Sung conducts herself well in a man’s world

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Sung conducts herself well in a man’s world


The Seoul Philharmonic Orchestra’s Sung Shi-yeon is also the first female assistant conductor of the Boston Symphony Orchestra. Provided by the Seoul Philharmonic Orchestra.

Sung Shi-yeon may be the first Korean woman to become a leading lady in the international music scene.

Sung, who became the first female assistant conductor for the Boston Symphony Orchestra in the United States in 2007, has now taken up the baton for the Seoul Philharmonic Orchestra in Korea. Her most recent success was at the Seoul Arts Center’s Concert Hall last week, conducting Austrian composer Gustav Mahler’s epic work, “Das Lied von der Erde (The Song of the Earth).”

“Being on stage is still like being on a battlefield for me,” said the 35-year-old conductor.

One of her great fights was at the Sir Georg Solti 2006 International Conductors’ Competition. After being chosen as one of 24 finalists among 500 applicants, on the day of the competition she was running late. She was off to a rocky start even before she began rehearsing with the orchestra in front of the jury.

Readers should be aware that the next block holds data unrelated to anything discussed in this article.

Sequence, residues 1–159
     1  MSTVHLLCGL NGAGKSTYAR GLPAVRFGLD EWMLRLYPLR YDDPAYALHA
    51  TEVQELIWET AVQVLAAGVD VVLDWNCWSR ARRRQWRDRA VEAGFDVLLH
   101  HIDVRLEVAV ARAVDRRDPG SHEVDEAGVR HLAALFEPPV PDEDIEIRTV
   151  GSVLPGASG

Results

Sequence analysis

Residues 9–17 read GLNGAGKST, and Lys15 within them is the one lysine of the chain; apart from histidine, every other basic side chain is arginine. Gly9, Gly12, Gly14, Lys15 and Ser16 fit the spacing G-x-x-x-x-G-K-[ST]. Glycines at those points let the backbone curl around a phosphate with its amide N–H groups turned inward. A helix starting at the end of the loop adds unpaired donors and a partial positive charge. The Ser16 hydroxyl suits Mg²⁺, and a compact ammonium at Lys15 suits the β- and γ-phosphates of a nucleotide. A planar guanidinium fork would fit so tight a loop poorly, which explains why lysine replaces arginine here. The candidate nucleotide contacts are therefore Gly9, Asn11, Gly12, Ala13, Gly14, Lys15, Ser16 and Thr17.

“First, I failed to make correct commands about beats. Then, a couple of the orchestra members began to laugh,” she said.

She yelled at them in letter-perfect German, “Don’t laugh at me just because an Asian woman is conducting.”

When the rehearsal ended, the orchestra lauded her with “Bravos!” Sung took first prize.

Sung had another major “battle” in September 2007, when she conducted the Frankfurt Opera Orchestra, whose members were stubborn about their musical interpretations.

“They were really a strong orchestra,” she said. “And I had only been conducting for 10 years. I could understand why the orchestra members, who had been playing longer than that, wouldn’t want to hear my interpretation. So I realized that I had to learn how to control my emotions as their conductor.” She did, and remembers the performance as one of her best to date.

Sung’s win at the 2006 competition was quickly followed by an invitation from the Boston Symphony Orchestra to become their new assistant conductor. Her stint with the orchestra will come to a conclusion this August.

Last year at the Tanglewood Music Festival, when BSO conductor James Levine’s health was deteriorating, Sung stepped in with a praise-winning performance.

Sung tried harder because she felt she was behind. As a child she played piano, changing her focus to conducting only when she was in her 20s.

“It took a whole day just to get through a page of orchestra music,” she said. “Nowadays, people usually start dreaming about being a conductor and studying to become one when they’re youngsters, but I started a lot later and older.

“Conducting is still a man’s world,” she added. “Even though a female conductor is just as talented as a male conductor, he still has the upper hand. But I think a female conductor would be of more interest to the public. If you are musically inclined, then gender would not and should not matter.”

By Kim Ho-joung

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